Table 2.   Diagnoses and outcomes of 92 patients with PNES without TBI and with TBI
 No TBI (P−T) n = 51TBI (P + T) n = 41χ2-Valuet-Valuep-Value
Mean (SD)n (%)Mean (SD)n (%)
Diagnoses (made by M.D. and SCID)       
 Major depressive disorder 11 (21.57) 19 (46.34)6.35 0.01
 Number of mood disorders0.5 (0.54) 0.8 (0.60)  −2.310.02
 PTSD 11 (21.57) 16 (39.02)3.34 0.07
 Number of anxiety disorders1.9 (1.04) 1.6 (1.19)  0.980.33
 Impulsivity (cluster B personality or traits) 10 (19.61) 18 (43.90)6.34 0.01
 Somatoform disorders (other than PNES) 3 (5.88) 3 (7.32)0.08 0.78
 Substance abuse 6 (11.76) 5 (12.20)0.004 0.95
Clinical factors (from history at baseline)       
 History of trauma/abuse 34 (66.67) 35 (85.37)4.24 0.04
 Estimated number of seizures in month preenrollment16.9 (21.10) 48.6 (101.62)  −1.880.06
 Estimate number of seizures in month preenrollment – log transformation2.3 (1.21) 2.7 (1.60)  1.430.16
 Seizure count categorized as mild, moderate, and severe Mod: 7 (18.42) Sev: 27 (71.05) Mod: 8 (23.53) Sev: 23 (67.65)0.31 0.86
 Beck depression inventory-II20.2 (13.23) 22.5 (15.14)  −0.730.46
 Seizure onset to NES diagnosis (years)4.9 (8.2) 7.3 (9.3)  −1.250.22
 QOLIE-3146.9 (19.92) 37.9 (20.90)  1.920.06
 Global assessment of functioning (GAF)53.9 (9.50) 50.3 (5.85)  2.250.03
 Abnormal neurological exam at enrollment 32 (62.75) 28 (68.29)0.31 0.58
 Abnormal MRI of the brain (past or at enrollment) 13 (29.55) 17 (50.00)3.39 0.07

Quality of life and disability

Measures of quality of life and functioning included the GAF, QOLIE-31, disability status, and number of seizures per month. Chi-square and t-tests revealed that patients with P + T had lower mean GAF scores (p = 0.03), indicating worse functioning than those without TBI. Disability rates in patients with P + T were twice that of those without TBI (49% vs. 24%, respectively, (p = 0.01).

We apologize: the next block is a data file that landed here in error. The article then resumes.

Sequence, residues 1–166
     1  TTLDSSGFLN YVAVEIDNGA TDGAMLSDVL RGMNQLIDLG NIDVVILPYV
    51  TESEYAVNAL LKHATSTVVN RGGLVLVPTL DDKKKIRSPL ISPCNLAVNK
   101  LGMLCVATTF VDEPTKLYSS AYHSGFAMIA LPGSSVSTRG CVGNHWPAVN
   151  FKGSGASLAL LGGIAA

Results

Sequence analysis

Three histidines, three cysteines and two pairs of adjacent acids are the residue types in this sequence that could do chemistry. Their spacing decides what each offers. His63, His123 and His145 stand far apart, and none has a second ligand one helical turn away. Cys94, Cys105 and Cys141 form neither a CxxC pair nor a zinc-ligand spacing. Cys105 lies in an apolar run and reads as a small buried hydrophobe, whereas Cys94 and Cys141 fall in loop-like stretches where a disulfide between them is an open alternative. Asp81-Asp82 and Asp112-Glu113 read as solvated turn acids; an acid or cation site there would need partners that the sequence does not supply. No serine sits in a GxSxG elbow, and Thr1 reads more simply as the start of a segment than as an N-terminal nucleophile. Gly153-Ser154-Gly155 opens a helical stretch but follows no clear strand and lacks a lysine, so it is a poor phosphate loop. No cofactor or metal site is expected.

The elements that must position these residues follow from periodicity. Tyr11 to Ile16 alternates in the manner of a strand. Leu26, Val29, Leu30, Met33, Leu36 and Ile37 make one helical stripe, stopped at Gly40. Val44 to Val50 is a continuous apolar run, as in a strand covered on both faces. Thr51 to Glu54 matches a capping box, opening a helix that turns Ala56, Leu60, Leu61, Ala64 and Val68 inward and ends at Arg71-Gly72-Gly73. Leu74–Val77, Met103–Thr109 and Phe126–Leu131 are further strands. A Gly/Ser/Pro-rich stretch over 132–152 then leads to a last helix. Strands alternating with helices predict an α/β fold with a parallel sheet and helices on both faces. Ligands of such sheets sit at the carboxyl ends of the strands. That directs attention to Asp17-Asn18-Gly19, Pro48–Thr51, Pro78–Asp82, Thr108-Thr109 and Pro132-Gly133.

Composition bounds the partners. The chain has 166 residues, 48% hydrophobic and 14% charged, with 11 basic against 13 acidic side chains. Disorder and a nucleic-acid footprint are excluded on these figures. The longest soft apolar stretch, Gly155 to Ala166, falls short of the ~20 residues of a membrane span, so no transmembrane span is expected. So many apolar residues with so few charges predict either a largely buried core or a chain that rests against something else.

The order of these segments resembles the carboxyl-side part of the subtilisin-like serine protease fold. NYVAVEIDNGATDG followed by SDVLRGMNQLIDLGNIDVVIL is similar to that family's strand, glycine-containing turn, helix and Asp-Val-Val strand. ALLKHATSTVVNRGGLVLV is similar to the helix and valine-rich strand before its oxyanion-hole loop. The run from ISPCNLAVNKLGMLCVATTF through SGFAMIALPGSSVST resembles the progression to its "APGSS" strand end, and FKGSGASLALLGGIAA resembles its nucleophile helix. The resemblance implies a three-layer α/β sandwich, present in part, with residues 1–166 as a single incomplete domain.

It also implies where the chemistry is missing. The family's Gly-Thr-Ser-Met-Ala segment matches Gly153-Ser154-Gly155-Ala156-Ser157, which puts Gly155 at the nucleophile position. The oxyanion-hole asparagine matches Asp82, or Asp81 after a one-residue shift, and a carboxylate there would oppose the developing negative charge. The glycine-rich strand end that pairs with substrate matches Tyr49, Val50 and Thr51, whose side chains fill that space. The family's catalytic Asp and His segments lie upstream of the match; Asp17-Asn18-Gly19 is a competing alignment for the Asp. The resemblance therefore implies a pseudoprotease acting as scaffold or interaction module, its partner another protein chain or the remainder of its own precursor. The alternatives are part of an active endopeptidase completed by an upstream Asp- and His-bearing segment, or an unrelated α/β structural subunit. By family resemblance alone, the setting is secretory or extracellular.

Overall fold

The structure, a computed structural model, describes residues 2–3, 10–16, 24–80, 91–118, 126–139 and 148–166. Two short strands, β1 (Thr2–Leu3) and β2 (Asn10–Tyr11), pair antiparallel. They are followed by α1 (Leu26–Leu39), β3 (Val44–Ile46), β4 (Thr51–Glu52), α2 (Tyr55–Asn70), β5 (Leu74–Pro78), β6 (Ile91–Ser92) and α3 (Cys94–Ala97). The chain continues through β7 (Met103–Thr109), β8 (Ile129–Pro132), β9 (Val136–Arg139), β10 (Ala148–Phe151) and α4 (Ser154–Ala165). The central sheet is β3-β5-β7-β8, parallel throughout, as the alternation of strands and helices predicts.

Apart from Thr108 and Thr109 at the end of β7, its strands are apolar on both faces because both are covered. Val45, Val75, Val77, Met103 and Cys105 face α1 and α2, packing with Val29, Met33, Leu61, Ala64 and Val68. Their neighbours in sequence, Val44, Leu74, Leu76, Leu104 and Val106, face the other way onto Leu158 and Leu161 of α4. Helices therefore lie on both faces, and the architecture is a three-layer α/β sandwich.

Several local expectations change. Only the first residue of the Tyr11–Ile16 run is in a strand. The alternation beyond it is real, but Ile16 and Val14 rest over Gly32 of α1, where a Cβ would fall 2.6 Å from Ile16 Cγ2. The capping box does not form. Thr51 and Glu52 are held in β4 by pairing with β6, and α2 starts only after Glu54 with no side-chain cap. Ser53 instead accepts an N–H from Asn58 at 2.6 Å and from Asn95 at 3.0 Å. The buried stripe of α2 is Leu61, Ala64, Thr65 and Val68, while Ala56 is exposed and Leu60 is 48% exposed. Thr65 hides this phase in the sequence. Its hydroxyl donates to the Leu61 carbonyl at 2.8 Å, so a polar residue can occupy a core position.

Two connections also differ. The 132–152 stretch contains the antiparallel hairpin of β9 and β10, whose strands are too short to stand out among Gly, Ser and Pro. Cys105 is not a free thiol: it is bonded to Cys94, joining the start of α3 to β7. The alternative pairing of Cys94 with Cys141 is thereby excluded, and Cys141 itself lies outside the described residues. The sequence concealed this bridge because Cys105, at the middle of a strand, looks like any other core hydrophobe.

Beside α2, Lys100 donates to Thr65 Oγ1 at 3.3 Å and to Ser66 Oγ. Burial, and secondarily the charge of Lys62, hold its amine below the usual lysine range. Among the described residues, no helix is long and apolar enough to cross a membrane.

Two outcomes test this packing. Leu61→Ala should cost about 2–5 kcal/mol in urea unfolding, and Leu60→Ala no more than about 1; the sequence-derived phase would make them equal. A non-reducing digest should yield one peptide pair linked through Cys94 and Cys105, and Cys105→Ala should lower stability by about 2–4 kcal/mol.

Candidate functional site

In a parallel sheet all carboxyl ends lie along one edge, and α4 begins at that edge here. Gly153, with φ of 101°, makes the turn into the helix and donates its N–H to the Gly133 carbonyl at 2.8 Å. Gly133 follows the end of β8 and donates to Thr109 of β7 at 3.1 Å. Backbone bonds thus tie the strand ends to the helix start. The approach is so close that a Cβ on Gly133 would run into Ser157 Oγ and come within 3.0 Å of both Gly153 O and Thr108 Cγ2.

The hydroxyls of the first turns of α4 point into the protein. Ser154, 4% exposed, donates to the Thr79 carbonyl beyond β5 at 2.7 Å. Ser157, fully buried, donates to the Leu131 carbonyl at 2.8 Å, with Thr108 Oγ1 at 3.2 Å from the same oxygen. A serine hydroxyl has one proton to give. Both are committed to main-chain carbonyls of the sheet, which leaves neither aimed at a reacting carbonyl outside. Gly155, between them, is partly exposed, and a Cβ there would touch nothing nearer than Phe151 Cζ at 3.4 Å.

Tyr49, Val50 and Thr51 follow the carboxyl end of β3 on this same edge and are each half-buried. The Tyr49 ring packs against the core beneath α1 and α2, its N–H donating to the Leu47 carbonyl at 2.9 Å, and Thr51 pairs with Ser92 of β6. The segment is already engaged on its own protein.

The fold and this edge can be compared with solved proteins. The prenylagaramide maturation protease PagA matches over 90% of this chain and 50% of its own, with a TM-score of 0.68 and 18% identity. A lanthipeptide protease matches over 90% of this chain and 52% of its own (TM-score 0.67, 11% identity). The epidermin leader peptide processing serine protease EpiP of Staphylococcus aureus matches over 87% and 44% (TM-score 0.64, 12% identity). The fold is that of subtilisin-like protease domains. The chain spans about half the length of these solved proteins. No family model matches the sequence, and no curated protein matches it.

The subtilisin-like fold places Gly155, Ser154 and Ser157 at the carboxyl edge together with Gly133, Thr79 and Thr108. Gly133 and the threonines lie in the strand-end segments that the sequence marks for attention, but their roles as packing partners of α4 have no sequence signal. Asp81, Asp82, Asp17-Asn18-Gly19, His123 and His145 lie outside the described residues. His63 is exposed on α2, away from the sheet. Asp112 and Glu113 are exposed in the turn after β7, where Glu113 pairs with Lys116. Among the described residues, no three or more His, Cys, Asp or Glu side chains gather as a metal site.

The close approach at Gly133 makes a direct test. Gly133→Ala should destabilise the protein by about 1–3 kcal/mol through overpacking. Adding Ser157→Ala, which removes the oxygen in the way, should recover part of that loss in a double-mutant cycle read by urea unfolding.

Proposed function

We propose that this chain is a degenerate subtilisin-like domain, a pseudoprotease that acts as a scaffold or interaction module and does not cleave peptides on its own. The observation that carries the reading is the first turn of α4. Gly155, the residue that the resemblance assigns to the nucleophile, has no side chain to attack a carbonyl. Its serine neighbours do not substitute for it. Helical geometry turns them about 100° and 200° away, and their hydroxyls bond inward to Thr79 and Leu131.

Controlling for age and sex

Given established differences in sex distribution in PNES, analysis by sex was also conducted. Of the 70 female patients in this study, 27 (38.6%) had TBI. The female population with both P + T had higher average number of mood disorders (p = 0.03), a diagnosis of MDD (p = 0.004), and cluster B personality traits (p = 0.007), and were more likely to be on disability (p = 0.03) than the female population with P − T. Among the male PNES population, 14 (63.6%) of 22 patients had TBI.

When controlling for age and sex, mean GAF score (p = 0.04) and number of mood disorders (p = 0.045) remained significant (Table 3). Seizure frequency (p = 0.15), mean BDI score (p = 0.41), and number of anxiety disorders were not significant when controlling for age and sex (p > 0.05).

Table 3.   Variables measuring quality of life and mood disorders for TBI versus non-TBI in patients with PNES, covariate-adjusted for age and sex [means (SE)]
 TBI [P + T]No TBI [P − T]F-valuep-Value
  1. Significant p-values are indicated in bold.

Seizure frequency2.75 (0.25)2.25 (0.23)2.110.15
 Age   0.17
 Sex   0.90
BDI22.73 (2.43)20.02 (2.14)0.670.41
 Age   0.74
 Sex   0.78
QOLIE-3137.94 (3.64)46.88 (3.18)3.320.07
 Age   0.95
 Sex   0.80
Number of mood disorders0.792 (0.091)0.540 (0.081)4.105 0.046
 Age   0.12
 Sex   0.46
Number of anxiety disorders1.712 (0.176)1.800 (0.157)0.1340.72
 Age   0.06
 Sex   0.45
Global assessment of function score50.235 (1.291)53.968 (1.152)4.454 0.04
 Age   0.33
 Sex   0.19